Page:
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8 key characteristics of great conscious leaders

8 key characteristics of great conscious leaders 

Entrepreneurship and leadership are fun, but they also can be a huge challenge. How do you grow your business in a way that is long term sustainable whilst also rendering enough profits such that you can invest in your people and infrastructure? How do you do this without totally giving your own life up because you have to work exorbitant hours? How will your family see you again and how will you manage stress to a manageable level?

Chances are that you have asked yourself these questions over and over again. Regardless whether you are the key leader in a small business or are the CEO of a large corporation the questions are typically very similar. Fortunately, the answers are amazingly simple as well. Key question here is only how comfortable you are to commit yourself to opening your organization up to an open platform. The more you are ready to open up to true collaboration the greater the chance that you will soon enjoy your co-leaders and employees becoming your co-entrepreneurs.

What I am inferring here is that you have the opportunity developing your own brand that can become self-sustainable. This allows you to focus on planning the future development of your organization without you having to worry about that the day-to-day operation goes awry without you being there. It helps reducing your stress and that of everyone in your organization.

  1. Start with a quality product of service: Absolute important is having a quality product and/ or service to start with. Do not get this wrong and mixed up with clever or really unique. Excellent execution of what you have to offer to customers is essential in making sure that there is long term sustainability for your organization.
  2. Ego management: Skip this blog if you are not willing to of your ego. Long term sustainability can only happen when you as the leader are willing to not be the only one who speaks, directs, manages, generates ideas, etc. Egomaniacs make for miserable working conditions and no one needs another toxic work place.
  3. Safe working place: This is more than the physical safety at work. I am speaking about candor. Candor is the best antidote to your ego and that of others. Only when it is safe to speak about your company’s challenges will you get to the bottom of what your folks will need to fix.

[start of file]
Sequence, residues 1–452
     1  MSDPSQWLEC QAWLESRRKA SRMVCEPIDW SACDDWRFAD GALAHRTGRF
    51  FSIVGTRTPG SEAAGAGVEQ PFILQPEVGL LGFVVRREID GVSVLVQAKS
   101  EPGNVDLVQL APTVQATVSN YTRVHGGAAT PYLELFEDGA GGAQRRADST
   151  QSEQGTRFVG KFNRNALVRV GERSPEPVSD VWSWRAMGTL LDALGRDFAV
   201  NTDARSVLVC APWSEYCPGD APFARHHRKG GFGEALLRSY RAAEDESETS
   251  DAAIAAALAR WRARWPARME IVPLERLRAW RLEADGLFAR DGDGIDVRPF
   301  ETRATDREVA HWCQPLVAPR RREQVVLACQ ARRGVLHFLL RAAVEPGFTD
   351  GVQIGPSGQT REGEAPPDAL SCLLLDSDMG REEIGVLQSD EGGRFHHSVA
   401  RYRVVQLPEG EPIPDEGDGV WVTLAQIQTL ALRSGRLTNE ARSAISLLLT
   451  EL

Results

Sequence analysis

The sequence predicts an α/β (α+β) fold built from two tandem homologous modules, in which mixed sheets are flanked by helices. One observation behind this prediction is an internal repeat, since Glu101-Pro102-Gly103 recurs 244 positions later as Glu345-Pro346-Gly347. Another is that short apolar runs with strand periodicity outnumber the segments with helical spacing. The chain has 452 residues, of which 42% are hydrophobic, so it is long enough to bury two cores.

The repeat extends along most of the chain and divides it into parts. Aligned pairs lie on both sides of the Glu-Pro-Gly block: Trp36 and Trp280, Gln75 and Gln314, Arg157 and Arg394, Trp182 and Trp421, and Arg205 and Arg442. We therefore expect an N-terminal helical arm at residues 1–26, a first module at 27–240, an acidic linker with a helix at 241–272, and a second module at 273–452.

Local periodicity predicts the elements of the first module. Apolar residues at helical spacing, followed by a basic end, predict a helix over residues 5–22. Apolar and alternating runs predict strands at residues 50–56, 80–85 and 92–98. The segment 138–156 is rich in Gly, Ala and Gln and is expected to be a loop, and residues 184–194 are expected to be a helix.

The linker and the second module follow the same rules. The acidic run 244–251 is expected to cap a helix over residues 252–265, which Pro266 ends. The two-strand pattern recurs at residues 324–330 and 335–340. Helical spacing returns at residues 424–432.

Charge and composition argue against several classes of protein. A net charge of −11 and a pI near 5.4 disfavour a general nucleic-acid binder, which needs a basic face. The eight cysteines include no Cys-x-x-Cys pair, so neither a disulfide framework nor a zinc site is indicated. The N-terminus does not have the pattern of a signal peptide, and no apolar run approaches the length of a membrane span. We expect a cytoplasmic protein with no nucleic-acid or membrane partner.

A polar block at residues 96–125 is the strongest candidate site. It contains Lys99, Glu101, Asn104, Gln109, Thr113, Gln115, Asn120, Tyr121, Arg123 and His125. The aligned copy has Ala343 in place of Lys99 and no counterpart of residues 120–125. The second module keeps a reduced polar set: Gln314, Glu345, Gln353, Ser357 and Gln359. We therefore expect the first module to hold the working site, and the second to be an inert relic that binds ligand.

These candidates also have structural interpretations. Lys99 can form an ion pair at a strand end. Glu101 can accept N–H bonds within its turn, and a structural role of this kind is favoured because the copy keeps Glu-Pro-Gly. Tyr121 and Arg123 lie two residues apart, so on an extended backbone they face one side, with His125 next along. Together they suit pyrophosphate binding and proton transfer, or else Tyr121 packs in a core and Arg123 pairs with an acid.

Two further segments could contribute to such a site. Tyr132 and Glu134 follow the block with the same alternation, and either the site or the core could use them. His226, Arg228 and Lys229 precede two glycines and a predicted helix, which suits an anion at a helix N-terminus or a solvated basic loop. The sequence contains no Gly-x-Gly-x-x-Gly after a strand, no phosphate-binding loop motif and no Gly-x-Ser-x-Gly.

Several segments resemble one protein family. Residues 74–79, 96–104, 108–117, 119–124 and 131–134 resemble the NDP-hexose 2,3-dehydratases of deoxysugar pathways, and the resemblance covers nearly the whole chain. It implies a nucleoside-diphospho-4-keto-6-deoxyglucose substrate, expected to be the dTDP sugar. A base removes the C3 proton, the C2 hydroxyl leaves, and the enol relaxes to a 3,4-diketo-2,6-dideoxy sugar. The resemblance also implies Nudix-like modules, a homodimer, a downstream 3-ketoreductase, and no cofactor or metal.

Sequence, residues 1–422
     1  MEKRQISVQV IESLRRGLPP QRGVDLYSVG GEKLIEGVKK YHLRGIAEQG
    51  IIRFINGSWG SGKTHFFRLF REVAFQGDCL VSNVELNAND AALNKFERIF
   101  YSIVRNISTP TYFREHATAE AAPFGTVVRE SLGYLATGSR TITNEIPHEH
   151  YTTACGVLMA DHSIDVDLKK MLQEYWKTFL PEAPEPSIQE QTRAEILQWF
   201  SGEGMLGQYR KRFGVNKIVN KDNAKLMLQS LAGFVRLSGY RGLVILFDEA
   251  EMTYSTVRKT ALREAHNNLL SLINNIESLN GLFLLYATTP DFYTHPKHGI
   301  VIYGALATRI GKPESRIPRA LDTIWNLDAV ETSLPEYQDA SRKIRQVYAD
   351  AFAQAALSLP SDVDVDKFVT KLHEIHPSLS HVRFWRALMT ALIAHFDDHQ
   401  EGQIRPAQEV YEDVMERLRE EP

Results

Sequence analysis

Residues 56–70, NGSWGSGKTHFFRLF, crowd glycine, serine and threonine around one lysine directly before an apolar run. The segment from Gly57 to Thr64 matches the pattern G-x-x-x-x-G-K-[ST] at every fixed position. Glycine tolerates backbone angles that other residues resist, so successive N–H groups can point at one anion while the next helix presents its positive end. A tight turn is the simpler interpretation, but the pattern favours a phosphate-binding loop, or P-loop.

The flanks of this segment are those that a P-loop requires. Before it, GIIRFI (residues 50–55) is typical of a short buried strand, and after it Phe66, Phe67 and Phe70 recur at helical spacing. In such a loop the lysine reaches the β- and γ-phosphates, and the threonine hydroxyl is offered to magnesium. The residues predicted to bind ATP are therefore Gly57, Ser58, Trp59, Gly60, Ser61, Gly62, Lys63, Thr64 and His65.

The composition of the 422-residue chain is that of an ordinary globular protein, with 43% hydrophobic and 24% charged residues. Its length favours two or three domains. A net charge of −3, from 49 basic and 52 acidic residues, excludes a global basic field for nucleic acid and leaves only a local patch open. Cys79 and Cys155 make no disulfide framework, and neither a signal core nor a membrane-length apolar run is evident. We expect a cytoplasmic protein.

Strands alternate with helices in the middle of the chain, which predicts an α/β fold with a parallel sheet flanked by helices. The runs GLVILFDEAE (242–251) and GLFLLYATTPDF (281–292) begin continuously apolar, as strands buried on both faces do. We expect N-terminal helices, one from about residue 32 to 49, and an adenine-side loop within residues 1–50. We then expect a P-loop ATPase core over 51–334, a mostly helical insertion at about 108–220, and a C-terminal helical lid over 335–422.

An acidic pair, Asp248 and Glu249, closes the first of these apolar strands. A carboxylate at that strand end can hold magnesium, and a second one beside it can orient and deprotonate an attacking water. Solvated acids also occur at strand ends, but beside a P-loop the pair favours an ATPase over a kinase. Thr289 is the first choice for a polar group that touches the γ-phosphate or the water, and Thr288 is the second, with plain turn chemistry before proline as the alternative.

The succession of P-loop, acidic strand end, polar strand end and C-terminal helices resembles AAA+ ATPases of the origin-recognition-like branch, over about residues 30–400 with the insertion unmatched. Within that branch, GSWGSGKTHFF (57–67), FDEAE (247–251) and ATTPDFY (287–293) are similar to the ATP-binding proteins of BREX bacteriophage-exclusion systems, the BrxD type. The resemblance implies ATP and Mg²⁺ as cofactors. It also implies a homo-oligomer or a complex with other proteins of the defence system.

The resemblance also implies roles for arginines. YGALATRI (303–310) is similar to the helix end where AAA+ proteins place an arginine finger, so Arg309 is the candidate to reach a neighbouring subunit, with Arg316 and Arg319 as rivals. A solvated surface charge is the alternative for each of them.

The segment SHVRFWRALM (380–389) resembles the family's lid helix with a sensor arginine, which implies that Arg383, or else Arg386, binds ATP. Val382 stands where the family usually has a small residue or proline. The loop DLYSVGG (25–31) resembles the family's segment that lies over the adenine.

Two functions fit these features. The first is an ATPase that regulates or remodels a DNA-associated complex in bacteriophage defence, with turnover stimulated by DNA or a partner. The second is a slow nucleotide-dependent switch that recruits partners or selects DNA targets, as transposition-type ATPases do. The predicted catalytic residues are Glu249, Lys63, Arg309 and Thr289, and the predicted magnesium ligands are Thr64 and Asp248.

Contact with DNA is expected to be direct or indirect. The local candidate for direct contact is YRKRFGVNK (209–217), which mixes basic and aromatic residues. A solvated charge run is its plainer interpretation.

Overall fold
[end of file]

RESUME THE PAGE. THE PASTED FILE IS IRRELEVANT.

4. Communication management: Great conscious leaders make a huge commitment to open communication. Department meetings held regularly and also allowing for your managers meeting with their team members one on one regularly will provide ample information about where and how your organization and people need help. If you are really good, you will hold weekly company meetings where everybody can get a pulse of the organization and where their contributions make a difference.
  5. Collaboration heaven: Collaboration amongst your leadership team is just as important as allowing for this to happen with your customers and all of your employees. How else can you tap into the brain power and creativity of the people who do the front line work every day? Create a conduit and place where this information exchange can happen at strategic and tactical level, step back, and be ready to be amazed what your folks can help create.
  6. Servitude: This point of course assumes that you have made it beyond point 2. above. Really great leaders realize that they need to view their role as the one who serves the folks who work for them. That does not means that leaders must do the work of the people reporting to them. What is more important than anything else here is that the team members feel respected, are taking seriously, and that their contributions count. Helping develop your employees by helping them excel increases the trust in you and the company and makes for very loyal followers – team members and customers alike.
  7. Showing up: Great leaders have another thing in common. They keep showing up for not only the fun stuff, but especially for any of the tough occasions too.
  8. Commitment management: First and foremost that is your commitment to invest all your efforts to make the changes happening that your team members helped develop. That fosters even more trust and ensures your organization making a lot of progress. Once your team knows that when they come together and help co-create their future with you and you deliver the commitment allowing for continual improvement to occur, you will enjoy success almost guaranteed.

This is not an easy road to travel and definitely not a fast one. It represents a cultural change and those typically take a few years to fully come around to full fruition. If you expect your people to change, make sure asking yourself first how you must change. Invite your team members – and I mean all of them – to help collaborate about if and how / what kind of changes need to be made in order to serve your organization’s purpose (your “why”). Then leave them be, check your ego at the front door and be ready to be amazed how many people step forward with the desire helping to achieve your growth goals.

Ralf Weiser

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